AnaRIP Basics for RICOH Ri1000

One of the most challenging aspects of buying a new machine, is learning a new software. Often learning a new software interface is like learning a new language. It takes practice and repetition to shorten the learning curve so you can truly understand how to get the most out of a new language or in this case a new software.  When AnaRIP was designed, careful planning went into the development of the software in order to make this learning curve as short as possible. Many hours were spent with mature print shop customers and new customers to learn the most used and needed aspects of the software in order to make the software as intuitive as possible. As a result, the AnaRIP software is relatively easy to learn and use the basic settings and get started printing right away.

However, there are many print setting options in AnaRIP, and with more options, comes more learning curve. In this article, we will try and break down some of the more basic features of AnaRIP to give you a head start on creating super vibrant prints. Keep in mind, this is just a good place to start, you can tweak these settings depending on the garment color and type.  However, for most 100% cotton tees, the following is likely to result in a great print!

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6 Easy Steps on How to Set Up AnaRIP for Your First Prints

Total Time Needed: 8 minutes

Required Tools:

- PC with AnaRIP installed
- Ricoh Ri 1000 DTG Printer

Things Needed?

- Your Graphic

Steps to configure the How-to Schema widget:

The first step to ensuring your graphics print as expected is to make sure your RIP preferences are set properly. AnaRIP is designed to operate multiple printer types, so selecting the correct printer and color profiles that match your device is essential. To start, go to the “preferences” tab in AnaRIP. Here you can input the cost of ink for accurate pricing and select the correct color profile. For the Ri 1000, you should have SWOP selected as your profile.
AnaRIP Preferences
Once you’ve set the proper preferences, move to the “Print settings” tab. This is where you can select where to print, and properly size and position your graphic. This is also where you will select the color pass quality and drop size. We find that for most graphics and substrates, quality should be set at “Fine” and dot range set to “Wide” or “Extra Wide” If you’re printing on a white or light-colored shirt, you can jump to step 5 and hit print. Then enjoy the result!
AnaRIP Printer Settings
If you’re printing a colored shirt, but are not sure if you need white ink, you can select a textile color in the software, and view the finished product in the “TrueView” view box to determine if you want a white underbase. In this example, you can see that the image is too dull to print on a grey shirt without an underbase; therefore, we will need to move to white underbase settings in step 4.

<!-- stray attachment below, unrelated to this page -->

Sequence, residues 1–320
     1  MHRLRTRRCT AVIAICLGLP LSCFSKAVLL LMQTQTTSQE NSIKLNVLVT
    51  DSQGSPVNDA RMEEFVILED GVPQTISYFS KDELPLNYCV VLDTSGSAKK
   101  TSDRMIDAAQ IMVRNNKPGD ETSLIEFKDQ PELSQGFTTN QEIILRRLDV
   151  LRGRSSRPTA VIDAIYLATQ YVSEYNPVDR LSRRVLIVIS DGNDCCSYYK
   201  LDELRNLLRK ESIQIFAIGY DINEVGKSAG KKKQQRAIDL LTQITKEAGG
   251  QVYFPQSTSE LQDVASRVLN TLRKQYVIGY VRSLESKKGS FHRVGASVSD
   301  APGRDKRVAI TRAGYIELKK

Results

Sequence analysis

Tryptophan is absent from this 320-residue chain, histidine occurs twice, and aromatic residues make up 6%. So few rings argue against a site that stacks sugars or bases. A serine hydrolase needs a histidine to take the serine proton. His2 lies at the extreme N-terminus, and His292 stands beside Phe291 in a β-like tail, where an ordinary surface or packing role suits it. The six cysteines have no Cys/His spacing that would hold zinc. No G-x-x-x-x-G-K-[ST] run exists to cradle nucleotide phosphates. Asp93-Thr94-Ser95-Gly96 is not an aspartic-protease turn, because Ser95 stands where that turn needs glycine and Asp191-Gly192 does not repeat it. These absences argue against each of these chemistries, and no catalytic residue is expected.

AnaRIP View
Because our textile color is dark, we will add a white underbase to our print. This will ensure your lighter colors show up as intended. It is typically suggested that users keep the underbase settings in “content based” mode to print a greyscale white pass. This will improve the finished image quality, and will use significantly less ink, saving you money. Go to the “White ink” tab in AnaRIP. Check the box marked “Enable white underbase.” Then change your view to “Color, Underbase and TrueView.” This will give you three views, the graphic input (color view), the white underbase view and the finished simulated view or “TrueView.”
AnaRIP White Settings
Any changes will be made in the “White Ink” tab. Here you can adjust the following settings: “Highlight” to add white ink during the color pass which highlights any bright white in the graphic. You can choke the white underbase so that you avoid a white outline on your finished print. Increase the amount of white ink under dark colors like reds, blues and greens. We recommend that in underbase adjustments, select each drop down and increase the amount of white ink for reds, magentas, greens, blues and cyans be increased to “55.” It is not necessary to change the number for greys and yellows.
AnaRIP White Color Adjustments
Step 6 : Time to Print
Now that your settings are dialed in, hit PRINT to send the graphic to the printer! Grab your shirt and pre-press the garment if you are using white ink. We suggest ~20 seconds with firm (Standard) pressure on your heat press. This will flatten the print area and ensure the fibers of the garment do not disrupt the finished quality. Put the shirt on the platen and push the print button on the printer. You will notice that after these changes, your white ink pass has slightly more ink improving the vibrancy of the finished product.
DTG Connection has a more in-depth training available for all the AnaRIP features. We can provide advanced instruction on the “Color Adjustments” tab which allows you to adjust colors and even remove backgrounds. If additional instruction is needed, you can email or wait for Part 2 (Coming soon!).

4 thoughts on “AnaRIP Basics for RICOH Ri1000”

  1. whats the difference on the CMYK profile from the power bright to the SWOP? Im still new to the Ri1000 im not familiar with this setting

    1. PowerBright is a legacy profile that is used on older AnaJet printers. We recommend sticking with the SWOP profile for the Ri 1000 printer.

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